Ship Street, Hong Kong
Ship Street is a street in Wan Chai, Hong Kong. It starts from Johnston Road, crosses Queen's Road East and goes uphill southward and reaches Kennedy Road. Part of the street is much of the century old buildings are abandoned. Locals refer to these buildings as the "Ghost House"; the story of Ship Street began in 1910s. It was near the pier in Johnston Road and thus the roads and streets in surrounding are named after navigation and the ports in China; the original stone steps of the Ship Street are well-preserved among the rapid development of Hong Kong. Before the completion of Hopewell Centre in 1980s, the street was the preferred access among the students of surrounding schools like St. Francis' Canossian College and Tung Chi College; the street is a venue for several films. Hopewell long planned a hotel project, Mega Tower Hotel at the east of the street but received opposition from the surrounding residents and environmental groups, it is because the project would involve demolition of the historical building of the famous haunted house, Nam Koo Terrace and felling of various climbing fig trees.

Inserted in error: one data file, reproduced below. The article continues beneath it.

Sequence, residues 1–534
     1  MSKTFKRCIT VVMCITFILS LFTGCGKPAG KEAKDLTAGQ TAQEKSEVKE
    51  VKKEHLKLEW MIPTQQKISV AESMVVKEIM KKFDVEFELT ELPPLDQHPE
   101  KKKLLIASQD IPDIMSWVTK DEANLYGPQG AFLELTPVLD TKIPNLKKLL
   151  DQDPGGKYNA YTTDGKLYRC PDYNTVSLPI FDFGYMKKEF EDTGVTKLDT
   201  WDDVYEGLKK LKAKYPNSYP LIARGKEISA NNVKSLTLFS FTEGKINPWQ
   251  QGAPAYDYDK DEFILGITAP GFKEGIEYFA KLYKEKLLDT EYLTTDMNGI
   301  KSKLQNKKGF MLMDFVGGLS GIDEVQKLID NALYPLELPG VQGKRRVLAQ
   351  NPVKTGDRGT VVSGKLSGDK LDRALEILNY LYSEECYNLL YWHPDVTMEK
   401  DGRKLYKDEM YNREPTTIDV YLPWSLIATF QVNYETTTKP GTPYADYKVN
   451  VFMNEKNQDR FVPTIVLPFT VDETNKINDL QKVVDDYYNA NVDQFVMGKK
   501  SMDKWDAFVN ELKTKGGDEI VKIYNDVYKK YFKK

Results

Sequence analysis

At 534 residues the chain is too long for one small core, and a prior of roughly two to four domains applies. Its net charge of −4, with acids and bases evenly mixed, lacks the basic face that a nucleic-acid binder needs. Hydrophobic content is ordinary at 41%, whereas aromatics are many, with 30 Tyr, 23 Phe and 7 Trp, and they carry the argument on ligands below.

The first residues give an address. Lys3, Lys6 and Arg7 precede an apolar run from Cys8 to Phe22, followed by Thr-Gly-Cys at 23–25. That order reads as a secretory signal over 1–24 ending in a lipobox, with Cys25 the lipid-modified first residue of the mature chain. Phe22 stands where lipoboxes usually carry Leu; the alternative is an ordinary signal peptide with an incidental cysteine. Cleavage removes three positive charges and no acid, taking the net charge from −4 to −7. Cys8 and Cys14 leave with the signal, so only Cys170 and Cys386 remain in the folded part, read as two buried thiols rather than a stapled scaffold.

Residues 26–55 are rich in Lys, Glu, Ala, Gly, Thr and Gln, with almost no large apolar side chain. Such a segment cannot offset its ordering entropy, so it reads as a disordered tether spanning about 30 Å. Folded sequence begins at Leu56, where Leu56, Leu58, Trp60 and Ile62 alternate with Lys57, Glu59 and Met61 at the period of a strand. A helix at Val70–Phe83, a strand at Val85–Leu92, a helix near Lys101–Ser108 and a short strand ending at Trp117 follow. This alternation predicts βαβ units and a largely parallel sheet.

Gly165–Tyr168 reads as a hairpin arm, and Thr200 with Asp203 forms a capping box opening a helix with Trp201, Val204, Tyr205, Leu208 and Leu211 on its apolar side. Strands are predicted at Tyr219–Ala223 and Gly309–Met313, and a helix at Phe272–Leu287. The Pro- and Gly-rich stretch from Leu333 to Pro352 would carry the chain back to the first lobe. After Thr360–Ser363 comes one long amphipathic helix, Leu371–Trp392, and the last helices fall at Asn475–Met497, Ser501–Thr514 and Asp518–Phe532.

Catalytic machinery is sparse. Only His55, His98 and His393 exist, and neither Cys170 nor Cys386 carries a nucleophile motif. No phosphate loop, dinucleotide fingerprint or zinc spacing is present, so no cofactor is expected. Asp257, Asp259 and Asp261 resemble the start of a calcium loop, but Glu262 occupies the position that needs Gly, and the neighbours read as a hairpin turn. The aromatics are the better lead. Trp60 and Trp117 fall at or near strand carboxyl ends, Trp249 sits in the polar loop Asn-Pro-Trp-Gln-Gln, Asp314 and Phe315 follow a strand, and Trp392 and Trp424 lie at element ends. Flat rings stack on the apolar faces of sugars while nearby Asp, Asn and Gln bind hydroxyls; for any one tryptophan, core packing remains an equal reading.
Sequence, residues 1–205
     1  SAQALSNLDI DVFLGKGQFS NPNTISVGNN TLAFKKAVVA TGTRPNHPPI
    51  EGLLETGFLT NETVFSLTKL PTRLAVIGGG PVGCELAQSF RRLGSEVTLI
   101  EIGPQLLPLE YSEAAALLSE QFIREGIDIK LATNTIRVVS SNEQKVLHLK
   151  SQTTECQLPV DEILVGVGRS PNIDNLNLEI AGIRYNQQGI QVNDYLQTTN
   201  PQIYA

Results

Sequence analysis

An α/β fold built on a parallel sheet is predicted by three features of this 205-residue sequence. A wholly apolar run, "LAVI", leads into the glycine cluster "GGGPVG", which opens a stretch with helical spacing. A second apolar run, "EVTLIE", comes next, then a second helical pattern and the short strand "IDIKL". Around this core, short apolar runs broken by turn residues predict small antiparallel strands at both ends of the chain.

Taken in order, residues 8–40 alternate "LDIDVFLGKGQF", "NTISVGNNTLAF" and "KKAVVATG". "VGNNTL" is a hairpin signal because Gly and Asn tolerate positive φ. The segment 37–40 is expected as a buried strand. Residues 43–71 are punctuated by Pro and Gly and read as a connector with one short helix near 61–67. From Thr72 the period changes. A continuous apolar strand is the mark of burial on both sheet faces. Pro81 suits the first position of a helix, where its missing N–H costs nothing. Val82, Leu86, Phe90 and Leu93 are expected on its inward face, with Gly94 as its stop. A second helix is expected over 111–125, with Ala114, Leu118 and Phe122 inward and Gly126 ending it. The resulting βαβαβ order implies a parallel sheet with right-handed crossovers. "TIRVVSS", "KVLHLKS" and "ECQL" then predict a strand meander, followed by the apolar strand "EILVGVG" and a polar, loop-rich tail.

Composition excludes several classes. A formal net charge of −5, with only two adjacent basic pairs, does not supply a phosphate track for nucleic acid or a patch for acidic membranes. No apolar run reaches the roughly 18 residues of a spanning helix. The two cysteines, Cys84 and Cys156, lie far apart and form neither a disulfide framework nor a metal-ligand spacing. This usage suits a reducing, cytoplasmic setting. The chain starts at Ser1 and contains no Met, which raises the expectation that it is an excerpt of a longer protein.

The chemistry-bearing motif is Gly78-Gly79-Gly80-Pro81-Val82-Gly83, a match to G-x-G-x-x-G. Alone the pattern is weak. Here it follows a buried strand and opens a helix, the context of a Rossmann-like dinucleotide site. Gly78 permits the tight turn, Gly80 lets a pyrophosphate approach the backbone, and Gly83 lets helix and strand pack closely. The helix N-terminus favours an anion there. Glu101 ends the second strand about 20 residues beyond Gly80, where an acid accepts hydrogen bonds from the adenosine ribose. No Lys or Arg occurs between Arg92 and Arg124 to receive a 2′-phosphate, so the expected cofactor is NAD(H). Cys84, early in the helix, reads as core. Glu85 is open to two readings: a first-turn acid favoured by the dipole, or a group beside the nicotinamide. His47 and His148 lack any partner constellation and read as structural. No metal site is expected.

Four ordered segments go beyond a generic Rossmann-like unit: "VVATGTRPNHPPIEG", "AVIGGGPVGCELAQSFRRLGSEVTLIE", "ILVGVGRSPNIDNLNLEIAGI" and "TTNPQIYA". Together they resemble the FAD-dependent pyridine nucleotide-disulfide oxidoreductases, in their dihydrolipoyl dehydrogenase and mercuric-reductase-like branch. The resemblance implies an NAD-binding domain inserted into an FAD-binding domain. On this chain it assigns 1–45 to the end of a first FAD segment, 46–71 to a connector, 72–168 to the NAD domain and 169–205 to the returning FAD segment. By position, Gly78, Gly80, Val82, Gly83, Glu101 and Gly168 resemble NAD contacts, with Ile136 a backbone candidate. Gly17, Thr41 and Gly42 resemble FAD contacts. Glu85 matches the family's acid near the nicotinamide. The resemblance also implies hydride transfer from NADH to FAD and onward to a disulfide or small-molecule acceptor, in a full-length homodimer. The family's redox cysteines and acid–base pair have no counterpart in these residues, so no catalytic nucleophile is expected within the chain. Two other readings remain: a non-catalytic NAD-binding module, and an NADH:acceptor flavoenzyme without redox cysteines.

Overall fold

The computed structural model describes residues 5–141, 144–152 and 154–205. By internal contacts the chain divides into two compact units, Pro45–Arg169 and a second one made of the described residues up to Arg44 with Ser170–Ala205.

The lower part between Johnston Road and Queen's Road East is designated to become a pedestrianised street after the completion of a major Urban Renewal Authority project. The hotel project has been modified. In the modified planning, Nam Koo Terrace would be preserved in the project. List of streets and roads in Hong Kong
Hong Kong Tramways